Talisker Players: Puttin’ on the Ritz

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Talisker Players, that inter-disciplinary nexus for music & text, have made another crossover adventure. “Puttin’ On the Ritz” takes us into the world of Irving Berlin, in a series of songs sung by Bud Roach and Whitney O’Hearn.

I’d call it crossover for a number of reasons:

  • Because the songs don’t have anything like the usual sound –such as what you get from a piano, a jazz trio or a pit-band for music-theatre–because they’re instead arranged by cellist Laura Jones for the Talisker Players: a string quartet that includes Jones, violinists Kathryn Sugden & Elizabeth Loewen Andrews, and violist Mary McGeer, Talisker’s Artistic Director.
  • Because the singers are coming from a classical background
  • Because both Talisker and the venue (Trinity St. Paul’s Centre) are strongly associated with serious / classical music

Irving Berlin is surely a worthy focus for such exploration. Jones apologized at the outset to each of us that perhaps they couldn’t present our favourite Berlin song, considering his huge output in a long life (101 years old when he died in 1989 ). This is my favourite, a song that Barack Obama referenced in his first inauguration, bringing tears to a few million pairs of eyes (mine included) in the process.   But there are so many other possibles that weren’t included –as I heard from those sitting near me—that there was no way to satisfy everyone.

They dared venture into Fred & Ginger territory with the set before intermission. It was charming to watch Roach & O’Hearn take on “Top Hat”, “Let’s Face the Music and Dance”, “Let Yourself Go” and even “Cheek to Cheek”. Crossover is always a trade-off. While they’re not dancers, the trade-off? A full house eager to hear this familiar music sung by lovely voices.

Roach is the surprise for me, an early music specialist I wrote about a few days ago. The voice that is so apt for baroque Italian opera or song works really well with Tin Pan Alley. I am recalling comments I’ve heard about the older era of pop singers, and the way Bing Crosby or Frank Sinatra sound as though they’d be fine singing bel canto. The sound begins from the words, like so many good Italian singers (and I’d include Bastianini, Protti and Sinatra in that group) all effortlessly intelligible in their text, with a sound that opens fully instantly, unlike the kind of sound you get from German voices. We’re always told that the Italian songs of the baroque are the ideal training for a voice, and I believe Roach is proof thereof. His gentle tone soars at times as though he were a modern-day incarnation of a matinee idol such as Dick Powell, although when he was having fun with us, his hammy delivery was more like Ethel Merman, effortless and wacky. Either way every syllable was as clear as speech.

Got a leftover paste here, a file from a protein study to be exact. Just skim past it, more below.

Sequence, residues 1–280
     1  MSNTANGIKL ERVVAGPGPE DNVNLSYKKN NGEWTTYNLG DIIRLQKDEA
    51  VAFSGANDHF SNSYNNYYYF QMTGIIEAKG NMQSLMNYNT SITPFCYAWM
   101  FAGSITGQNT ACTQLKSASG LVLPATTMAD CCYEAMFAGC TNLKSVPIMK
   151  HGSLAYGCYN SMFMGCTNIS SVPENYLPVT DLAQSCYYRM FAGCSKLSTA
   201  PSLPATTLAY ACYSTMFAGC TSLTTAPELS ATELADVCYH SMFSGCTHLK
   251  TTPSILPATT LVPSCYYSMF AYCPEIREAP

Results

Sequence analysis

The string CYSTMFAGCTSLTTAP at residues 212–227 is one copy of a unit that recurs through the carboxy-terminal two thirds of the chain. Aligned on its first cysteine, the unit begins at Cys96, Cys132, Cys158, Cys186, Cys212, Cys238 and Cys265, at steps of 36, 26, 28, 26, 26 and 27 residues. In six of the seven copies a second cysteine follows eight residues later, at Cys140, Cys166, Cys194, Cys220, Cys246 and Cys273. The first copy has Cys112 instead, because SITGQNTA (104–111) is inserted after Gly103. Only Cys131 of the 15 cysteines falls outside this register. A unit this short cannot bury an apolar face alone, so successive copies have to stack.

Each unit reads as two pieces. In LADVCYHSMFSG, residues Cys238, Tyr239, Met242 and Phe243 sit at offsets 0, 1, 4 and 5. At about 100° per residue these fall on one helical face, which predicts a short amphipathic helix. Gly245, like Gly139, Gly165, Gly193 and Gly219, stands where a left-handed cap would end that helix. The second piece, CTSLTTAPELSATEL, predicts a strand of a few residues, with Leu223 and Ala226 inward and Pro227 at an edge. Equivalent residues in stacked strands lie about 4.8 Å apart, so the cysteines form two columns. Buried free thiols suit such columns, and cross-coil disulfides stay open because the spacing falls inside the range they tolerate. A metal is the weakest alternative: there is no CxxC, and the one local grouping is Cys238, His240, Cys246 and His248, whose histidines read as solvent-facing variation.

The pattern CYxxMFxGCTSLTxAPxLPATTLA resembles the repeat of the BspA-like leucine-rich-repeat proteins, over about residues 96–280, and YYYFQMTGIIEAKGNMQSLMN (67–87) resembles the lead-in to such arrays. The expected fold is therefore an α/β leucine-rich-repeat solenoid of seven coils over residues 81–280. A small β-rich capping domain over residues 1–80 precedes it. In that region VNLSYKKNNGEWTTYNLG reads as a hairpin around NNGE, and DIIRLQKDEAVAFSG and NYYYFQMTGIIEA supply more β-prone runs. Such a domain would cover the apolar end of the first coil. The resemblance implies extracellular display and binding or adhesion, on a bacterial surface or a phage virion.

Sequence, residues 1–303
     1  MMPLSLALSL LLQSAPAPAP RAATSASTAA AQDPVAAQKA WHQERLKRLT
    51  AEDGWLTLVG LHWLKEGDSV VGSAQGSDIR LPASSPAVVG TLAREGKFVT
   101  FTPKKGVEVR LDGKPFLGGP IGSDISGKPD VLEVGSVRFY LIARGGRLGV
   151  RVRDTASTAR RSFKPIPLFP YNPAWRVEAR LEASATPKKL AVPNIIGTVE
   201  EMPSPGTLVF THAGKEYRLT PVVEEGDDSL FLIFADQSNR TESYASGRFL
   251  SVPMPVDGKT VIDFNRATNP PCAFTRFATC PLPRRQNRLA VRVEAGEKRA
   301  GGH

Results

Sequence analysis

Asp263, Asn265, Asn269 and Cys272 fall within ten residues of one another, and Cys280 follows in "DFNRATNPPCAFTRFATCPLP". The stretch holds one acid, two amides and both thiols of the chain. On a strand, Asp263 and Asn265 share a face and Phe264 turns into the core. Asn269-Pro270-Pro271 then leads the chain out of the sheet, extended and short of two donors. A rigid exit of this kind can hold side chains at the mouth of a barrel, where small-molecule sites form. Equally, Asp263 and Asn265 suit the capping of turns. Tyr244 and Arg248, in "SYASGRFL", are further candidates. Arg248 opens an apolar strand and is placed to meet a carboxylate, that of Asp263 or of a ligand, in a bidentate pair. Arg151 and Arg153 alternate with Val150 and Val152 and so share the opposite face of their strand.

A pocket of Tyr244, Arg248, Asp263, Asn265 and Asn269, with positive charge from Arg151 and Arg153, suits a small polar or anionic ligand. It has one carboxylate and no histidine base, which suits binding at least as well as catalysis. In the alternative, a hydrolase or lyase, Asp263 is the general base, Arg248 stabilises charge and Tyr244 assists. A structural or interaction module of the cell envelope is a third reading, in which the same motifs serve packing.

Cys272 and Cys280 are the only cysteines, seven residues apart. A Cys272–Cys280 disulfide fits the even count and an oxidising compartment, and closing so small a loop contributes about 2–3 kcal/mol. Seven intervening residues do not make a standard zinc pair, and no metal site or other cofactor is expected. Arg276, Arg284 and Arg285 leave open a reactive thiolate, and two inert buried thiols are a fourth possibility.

O’Hearn’s singing was more like the singing one might have encountered in the earlier years of Berlin’s time, reminding me of an operetta star with a luscious full sound. While she was nowhere near as intelligible as Roach, it’s not really a fair comparison, considering that they were accompanied by a string quartet. Berlin’s songs are rhythmic, often syncopated yet with the string quartet there was a percussion deficiency that was only satisfied by the percussion in the singers’ consonants. In ballads O’Hearn’s luscious voice worked wonderfully, as in “Lazy”, with a very subtle arrangement from Jones to open the second half.

The program will be repeated again Tuesday January 13th at 8 pm at Trinity St Paul’s Centre.

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